Reprogramming Skin Cells Into Heart Muscle Cells
Physicians and scientists at the Texas Heart Institute (THI) at St. Luke’s Episcopal Hospital, working collaboratively with the University of Houston (UH), Texas A&M Health Science Center in Houston and Baylor College of Medicine, have shown a new way to convert human skin cells into beating heart cells, according to an article being published in the prestigious Proceedings of the National Academy of Sciences of the United States of America (PNAS).
“One of the great needs in repairing the human heart is to find a practical and safe means of generating new heart muscle cells”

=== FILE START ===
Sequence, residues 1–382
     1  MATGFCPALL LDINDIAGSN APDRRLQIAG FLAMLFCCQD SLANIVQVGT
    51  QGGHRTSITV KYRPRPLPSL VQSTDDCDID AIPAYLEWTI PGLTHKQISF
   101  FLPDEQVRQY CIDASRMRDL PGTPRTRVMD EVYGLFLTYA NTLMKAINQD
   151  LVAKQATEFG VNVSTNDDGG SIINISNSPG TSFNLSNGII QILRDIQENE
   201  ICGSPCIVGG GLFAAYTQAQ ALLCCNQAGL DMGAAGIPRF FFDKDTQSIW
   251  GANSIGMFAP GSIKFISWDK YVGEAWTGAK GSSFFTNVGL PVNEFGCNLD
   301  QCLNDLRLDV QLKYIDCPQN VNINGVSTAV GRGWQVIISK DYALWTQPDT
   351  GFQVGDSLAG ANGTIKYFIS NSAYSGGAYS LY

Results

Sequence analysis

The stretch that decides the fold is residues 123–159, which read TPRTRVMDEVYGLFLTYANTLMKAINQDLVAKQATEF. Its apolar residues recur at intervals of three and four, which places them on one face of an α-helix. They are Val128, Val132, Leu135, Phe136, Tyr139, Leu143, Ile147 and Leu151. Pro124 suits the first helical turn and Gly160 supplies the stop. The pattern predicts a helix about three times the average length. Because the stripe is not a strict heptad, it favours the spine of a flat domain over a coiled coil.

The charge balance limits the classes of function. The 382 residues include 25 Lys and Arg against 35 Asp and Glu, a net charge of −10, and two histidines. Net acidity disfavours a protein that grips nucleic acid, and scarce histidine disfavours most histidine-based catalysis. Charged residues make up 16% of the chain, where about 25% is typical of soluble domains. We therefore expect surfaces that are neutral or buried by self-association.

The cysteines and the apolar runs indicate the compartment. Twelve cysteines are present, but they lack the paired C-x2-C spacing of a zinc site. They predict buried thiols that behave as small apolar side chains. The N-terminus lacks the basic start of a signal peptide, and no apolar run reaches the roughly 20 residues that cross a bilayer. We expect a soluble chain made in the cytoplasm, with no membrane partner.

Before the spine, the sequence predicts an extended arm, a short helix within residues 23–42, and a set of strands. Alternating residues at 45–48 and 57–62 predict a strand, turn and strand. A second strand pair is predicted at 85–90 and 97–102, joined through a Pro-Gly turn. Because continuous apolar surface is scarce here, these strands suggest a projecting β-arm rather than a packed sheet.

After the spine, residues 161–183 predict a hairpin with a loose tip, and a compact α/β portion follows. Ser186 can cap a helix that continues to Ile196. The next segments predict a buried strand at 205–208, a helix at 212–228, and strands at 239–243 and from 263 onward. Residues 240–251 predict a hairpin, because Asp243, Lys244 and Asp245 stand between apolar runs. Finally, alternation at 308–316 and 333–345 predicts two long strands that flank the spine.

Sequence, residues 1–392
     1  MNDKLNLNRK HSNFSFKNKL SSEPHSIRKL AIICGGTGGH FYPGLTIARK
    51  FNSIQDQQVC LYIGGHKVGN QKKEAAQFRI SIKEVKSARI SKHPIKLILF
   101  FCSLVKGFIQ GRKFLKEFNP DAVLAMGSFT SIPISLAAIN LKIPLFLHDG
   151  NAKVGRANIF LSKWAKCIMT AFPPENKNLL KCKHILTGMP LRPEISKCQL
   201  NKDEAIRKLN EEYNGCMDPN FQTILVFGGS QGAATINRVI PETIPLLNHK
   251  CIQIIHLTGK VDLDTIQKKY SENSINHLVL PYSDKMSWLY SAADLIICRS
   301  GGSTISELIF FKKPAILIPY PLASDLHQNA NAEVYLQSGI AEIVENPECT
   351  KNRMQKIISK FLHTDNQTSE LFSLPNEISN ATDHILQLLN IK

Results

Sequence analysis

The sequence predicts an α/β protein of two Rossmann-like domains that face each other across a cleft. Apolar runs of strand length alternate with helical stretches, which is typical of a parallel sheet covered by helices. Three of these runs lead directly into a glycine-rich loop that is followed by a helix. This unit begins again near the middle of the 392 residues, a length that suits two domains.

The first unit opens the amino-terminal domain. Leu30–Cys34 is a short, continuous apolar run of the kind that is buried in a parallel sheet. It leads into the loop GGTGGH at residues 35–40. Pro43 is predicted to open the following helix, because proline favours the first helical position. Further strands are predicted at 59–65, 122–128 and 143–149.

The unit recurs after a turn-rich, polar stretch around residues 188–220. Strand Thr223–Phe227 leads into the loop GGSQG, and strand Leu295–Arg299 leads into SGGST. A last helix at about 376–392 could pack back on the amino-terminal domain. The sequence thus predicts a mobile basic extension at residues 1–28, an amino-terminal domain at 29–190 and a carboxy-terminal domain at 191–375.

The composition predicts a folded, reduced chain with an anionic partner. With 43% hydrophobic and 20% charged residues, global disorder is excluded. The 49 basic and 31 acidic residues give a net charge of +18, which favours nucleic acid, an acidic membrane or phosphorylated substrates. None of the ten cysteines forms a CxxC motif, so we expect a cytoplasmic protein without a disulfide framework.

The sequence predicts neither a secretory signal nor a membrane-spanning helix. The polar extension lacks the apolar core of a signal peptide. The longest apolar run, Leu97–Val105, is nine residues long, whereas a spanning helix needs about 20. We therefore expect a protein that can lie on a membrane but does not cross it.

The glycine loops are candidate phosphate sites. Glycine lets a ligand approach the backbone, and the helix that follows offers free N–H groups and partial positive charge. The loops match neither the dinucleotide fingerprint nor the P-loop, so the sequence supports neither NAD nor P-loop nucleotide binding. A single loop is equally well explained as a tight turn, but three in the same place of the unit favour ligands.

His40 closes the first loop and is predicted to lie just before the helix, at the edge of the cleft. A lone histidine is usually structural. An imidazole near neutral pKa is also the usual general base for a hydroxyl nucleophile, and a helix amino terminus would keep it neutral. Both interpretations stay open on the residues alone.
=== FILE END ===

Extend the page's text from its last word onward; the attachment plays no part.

Researchers believe this is to be an important new and unique step toward being able to repair damage from heart attacks in human hearts, which on their own have very little regenerative capabilities.
The team, led by Robert J. Schwartz, PhD, director of Stem Cell Engineering at THI and director of UH’s Center for Molecular Medicine and Experimental Therapeutics, used human skin cells called fibroblasts, and treated them with ETS2 and MESP1, two human genetic transcription factors that play important roles in the genetic network that produces cardiovascular tissues.
The skin cells were converted into progenitors of “cardiomyocytes” – beating heart muscle cells – within a period of weeks. Progenitors can differentiate to form one or more kinds of cells. Read More